This op-ed was submitted by Audie Apple, co-founder of GuardVest, a service aimed at informing investors and holding advisors accountable.
Have I got a deal for you...
Oscar Wilde once quipped that "nowadays people know the price of everything and the value of nothing." As clever as that seems, it certainly doesn't apply when the subject is investment advice. In fact, investment advice is the only thing I can think of in which the buyers don't actually know what they pay. How could they? Has your portfolio manager or investment advisor ever sent you a bill? Of course not -- they have access to your money already and just help themselves. Consider a recent study in which investors working with investment advisors were asked what type of fees their advisors charged -- not even how much they were paying. Only 40% of respondents were even willing to guess!
Furthermore, the explosion in variety and complexity of investment products obfuscates the issue to the point that even investment advisors themselves are often confused about the fees their own clients pay. In another recent study, 63% of advisors underestimated the fees they charged their own clients -- on average by 20%.
At this point, investors should ask themselves, "If I don't know what I am paying in total expenses, what are the chances that when I find out I am going to be pleasantly surprised?" Not good.
To shed some light on the subject, a 2011 study by PriceMetrix covering 15,000 advisors and 1 million fee-based accounts found that the average advisory fee charged on accounts between $250,000 and $500,000 was 1.47%. Note -- this is before considering embedded investment product expenses such as mutual fund expense ratios, which can often add another 1% to the advisory fee.
If that isn't alarming enough, the dispersion of fees across advisors and accounts is startling. The PriceMetrix research found that of 100 investors with accounts valued between $250,000 and $500,000, 11 were paying less than 0.75% while 15 were paying more than 2%! For a $100,000 investment over 20 years, that extra 1.25% in expenses will cost the investor $59,000 -- more than half his or her invested capital.
One of the "framing" tricks financial firms use to make alarmingly high expenses look reasonable is to express them as a percentage of the invested capital. But really, investors should think of these fees in the context of their likely return on investment -- a framework that casts a very different light on the subject. After all, the investor puts up all the capital, assumes all the risk, and shares the rewards with the advisor. If the returns are low or even negative, the advisor still gets paid. What a deal!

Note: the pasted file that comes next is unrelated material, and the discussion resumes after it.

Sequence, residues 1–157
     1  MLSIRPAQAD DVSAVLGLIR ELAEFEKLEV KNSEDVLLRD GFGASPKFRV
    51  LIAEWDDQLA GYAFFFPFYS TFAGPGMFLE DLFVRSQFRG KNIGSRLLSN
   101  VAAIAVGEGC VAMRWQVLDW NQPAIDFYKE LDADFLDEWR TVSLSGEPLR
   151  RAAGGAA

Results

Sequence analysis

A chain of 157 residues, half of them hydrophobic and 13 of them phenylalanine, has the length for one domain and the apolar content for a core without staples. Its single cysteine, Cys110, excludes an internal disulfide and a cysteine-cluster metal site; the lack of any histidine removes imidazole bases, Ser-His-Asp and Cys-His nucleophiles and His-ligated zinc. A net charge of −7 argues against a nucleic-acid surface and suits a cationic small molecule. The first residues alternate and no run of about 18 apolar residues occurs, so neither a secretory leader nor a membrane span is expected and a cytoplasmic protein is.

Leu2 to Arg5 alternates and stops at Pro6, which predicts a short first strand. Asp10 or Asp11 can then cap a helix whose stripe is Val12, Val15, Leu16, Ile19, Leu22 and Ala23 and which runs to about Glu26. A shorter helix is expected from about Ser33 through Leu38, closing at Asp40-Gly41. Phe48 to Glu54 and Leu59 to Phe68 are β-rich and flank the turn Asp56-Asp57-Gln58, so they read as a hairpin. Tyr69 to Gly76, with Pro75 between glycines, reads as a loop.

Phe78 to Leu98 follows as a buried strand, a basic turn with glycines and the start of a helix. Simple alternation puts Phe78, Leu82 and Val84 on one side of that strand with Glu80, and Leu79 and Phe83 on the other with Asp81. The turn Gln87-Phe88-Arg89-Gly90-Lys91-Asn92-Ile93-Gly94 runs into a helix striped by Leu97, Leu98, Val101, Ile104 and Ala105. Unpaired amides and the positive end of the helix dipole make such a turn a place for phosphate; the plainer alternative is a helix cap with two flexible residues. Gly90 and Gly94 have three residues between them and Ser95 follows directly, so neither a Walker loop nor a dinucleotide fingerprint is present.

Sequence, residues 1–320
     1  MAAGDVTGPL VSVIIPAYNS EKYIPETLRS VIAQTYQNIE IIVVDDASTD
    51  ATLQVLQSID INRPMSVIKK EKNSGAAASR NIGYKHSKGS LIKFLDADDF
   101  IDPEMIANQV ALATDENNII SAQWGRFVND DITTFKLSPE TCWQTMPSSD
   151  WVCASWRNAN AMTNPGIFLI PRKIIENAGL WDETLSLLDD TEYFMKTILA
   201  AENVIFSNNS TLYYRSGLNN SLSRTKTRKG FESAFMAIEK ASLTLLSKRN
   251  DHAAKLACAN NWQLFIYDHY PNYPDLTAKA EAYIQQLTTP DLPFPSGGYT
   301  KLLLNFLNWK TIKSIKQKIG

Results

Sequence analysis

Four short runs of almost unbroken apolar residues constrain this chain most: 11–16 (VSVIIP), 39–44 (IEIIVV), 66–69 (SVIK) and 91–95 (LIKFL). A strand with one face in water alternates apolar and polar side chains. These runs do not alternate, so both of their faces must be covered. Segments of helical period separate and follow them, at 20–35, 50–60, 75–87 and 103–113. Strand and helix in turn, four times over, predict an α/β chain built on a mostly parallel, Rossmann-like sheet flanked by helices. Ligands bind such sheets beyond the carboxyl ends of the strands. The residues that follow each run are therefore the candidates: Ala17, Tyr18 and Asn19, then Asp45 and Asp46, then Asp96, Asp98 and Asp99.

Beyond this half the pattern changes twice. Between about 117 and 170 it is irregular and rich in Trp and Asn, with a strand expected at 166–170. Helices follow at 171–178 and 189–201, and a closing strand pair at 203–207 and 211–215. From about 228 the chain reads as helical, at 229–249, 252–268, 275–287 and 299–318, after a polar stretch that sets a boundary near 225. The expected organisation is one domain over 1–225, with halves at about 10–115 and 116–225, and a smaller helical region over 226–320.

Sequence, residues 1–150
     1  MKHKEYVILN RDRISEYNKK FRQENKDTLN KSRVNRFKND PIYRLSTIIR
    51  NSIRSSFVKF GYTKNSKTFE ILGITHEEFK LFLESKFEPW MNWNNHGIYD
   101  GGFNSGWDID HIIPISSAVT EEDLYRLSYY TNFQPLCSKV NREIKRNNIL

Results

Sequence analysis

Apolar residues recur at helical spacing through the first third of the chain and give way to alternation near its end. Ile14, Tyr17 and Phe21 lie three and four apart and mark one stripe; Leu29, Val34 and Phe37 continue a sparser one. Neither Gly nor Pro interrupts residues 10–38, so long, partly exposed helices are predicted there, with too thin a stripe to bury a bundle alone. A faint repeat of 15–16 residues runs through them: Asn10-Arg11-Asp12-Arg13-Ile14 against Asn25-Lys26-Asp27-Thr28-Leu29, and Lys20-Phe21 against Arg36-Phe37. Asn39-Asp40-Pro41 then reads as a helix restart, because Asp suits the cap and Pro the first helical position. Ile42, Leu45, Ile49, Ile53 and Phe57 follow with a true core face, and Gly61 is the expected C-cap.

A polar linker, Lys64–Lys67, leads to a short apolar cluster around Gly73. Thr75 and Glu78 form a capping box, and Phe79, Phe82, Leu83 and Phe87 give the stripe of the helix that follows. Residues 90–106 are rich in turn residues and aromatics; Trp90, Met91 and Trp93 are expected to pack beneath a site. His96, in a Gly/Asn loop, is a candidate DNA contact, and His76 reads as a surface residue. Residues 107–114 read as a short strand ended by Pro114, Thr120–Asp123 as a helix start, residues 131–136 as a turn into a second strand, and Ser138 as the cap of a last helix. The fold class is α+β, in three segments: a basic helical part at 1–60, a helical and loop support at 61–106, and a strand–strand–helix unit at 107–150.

As unappealing as that sounds, today's reality is even worse. From 1980-2007, a typical portfolio of 60% U.S. stocks and 40% bonds would have returned about 8.4% before expenses. A quick survey of the published research of the largest providers of investment advice to retail investors produces a return forecast for a similar portfolio of 5.6%. Normally, when you get less of something, you pay less. Not so with investment advice. Fee schedules haven't changed. So let's do the math and look at expenses as a percentage of expected investment returns over 10 years.
Using industry data that suggest 2.43% as the "all in" investment expenses including advisory fees and investment product expenses, the 8.4% market return produces a nearly 6% net return to the investor. Of the $124 in earnings an initial investment of $100 would produce over 10 years, $45 would be consumed by expenses -- 37% of the pre-fee return.
Now do the math based on a reduced return forecast. To be generous, this analysis uses a pre-fee return of 6%. Now fees consume 47% of the expected return. If that isn't disheartening enough, the net return on the invested capital to the investor is only $42 -- down by over half from the $86 returned to the investor in the past.
Just to restore the proportionate split of returns from the past would require that investment expenses be reduced by 25%. And certainly there is room for debate on whether that is a reasonable split of the return on investments between Wall Street and its clients.
When you stop and think about it, this is the deal Wall Street is offering investors today:
You put up all the capital. You take all the risk. We will split the earnings 50/50. And by the way, if returns are lower or even negative, you still need to pay me for my time.
If the offer were framed in that way, I think most investors would be insulted. But with clever complexity and opaqueness, Wall Street keeps investors in the dark about how much they are really paying and it is business as usual.
It is time for investors to demand a better deal. Waiting on the invisible hand of market forces to naturally deliver this outcome will not work when the buyer of the product doesn't have all the facts and information necessary to hold his or her advisors accountable. Particularly while the industry continues to resist calls to be viewed as fiduciaries and be required to always place client interests first. Are you sure you know what your total investment expenses are? Don't you owe it to yourself to find out?
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